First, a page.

Mark Fielder: Misuse of antibiotics is a major problem in terms of developing resistance. We need to ensure that we only use an antibiotic when it is right and appropriate to do so. Making sure we use the correct antibiotic for the correct organism. This is true in both the human and animal sectors. We also need to make sure people understand the importance of taking a full course of antibiotics when they are prescribed. If we look after our antibiotics then they will look after us for longer!
Mark Fielder: Some bacteria have different target types that may or may not be easily exploitable, so on occasions this might mean that an infection caused by a certain type of organism might be a little more tricky to treat. This is why we need to maintain research and surveillance on organisms and their changing capabilities.
Mark Fielder: I think we need an international effort to offer inducements to companies to produce new antibiotics. Something like tax breaks or something similar - that is really one for the politicians. Remember it takes a great deal of time and money to get any drug to the market. In the case of antibiotics they are probably only going to be used for up to 7 days in most cases. Something like a blood pressure medication could be used for the life of a patient. The financial returns are clear. We need to remember this is not a cynical decision - companies need to make a return on their investment so perhaps politicians need to help globally!
Mark Fielder: I started working with pathogens as a biomedical scientist in a hospital during my degree vacations - really enjoyed the fact that these little organisms can be so persistent and troublesome- wanted to do something about that and the rest has and will become history. Study hard, follow your dream and embrace being a Geek #geeksarecool.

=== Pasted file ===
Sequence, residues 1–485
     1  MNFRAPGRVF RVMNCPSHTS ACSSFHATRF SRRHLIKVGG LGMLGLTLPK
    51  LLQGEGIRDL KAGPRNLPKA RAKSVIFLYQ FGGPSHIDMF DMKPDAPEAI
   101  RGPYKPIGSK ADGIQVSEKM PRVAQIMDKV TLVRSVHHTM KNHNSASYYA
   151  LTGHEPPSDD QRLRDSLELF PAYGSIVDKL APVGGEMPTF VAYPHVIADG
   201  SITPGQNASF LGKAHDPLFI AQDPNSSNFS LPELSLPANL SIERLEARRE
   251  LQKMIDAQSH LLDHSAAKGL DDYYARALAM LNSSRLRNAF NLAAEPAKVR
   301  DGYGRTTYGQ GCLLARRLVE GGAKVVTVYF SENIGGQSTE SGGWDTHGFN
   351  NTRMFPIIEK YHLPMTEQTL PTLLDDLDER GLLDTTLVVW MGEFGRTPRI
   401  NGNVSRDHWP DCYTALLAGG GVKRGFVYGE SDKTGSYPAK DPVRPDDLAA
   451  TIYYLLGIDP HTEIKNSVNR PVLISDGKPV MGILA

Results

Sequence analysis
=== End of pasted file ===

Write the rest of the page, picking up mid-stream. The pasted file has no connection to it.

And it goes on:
Mark Fielder: Essentially we refer to viruses as active or inactive. This because a virus needs a live host cell to undergo replication - without this it can't replicate. Also they don't make their own energy - that is to say they don't undergo respiration. An active virus can use a host cell to successfully replicate, an inactive virus cant! Simplistic but I hope answers your question.
Mark Fielder: I will be honest I think I am more encouraged than I have been for a while. Decision makers and policy makers are having these topics raised to the top of the agenda and they are starting to listen. We need to respectfully keep the pressure up!
Note: Typographical errors and spelling mistakes from the original reddit Q&A have been corrected.
Significant book on improving quality of nursing care for older people published by Kingston University Emerita Professor
Obesity crisis: Kingston University nutrition expert says early childhood intervention vital to defying predictions more than half of humans could be overweight by 2035
Report led by Kingston University expert shines light on what United States midterm election results could mean for Biden, Trump and future of American politics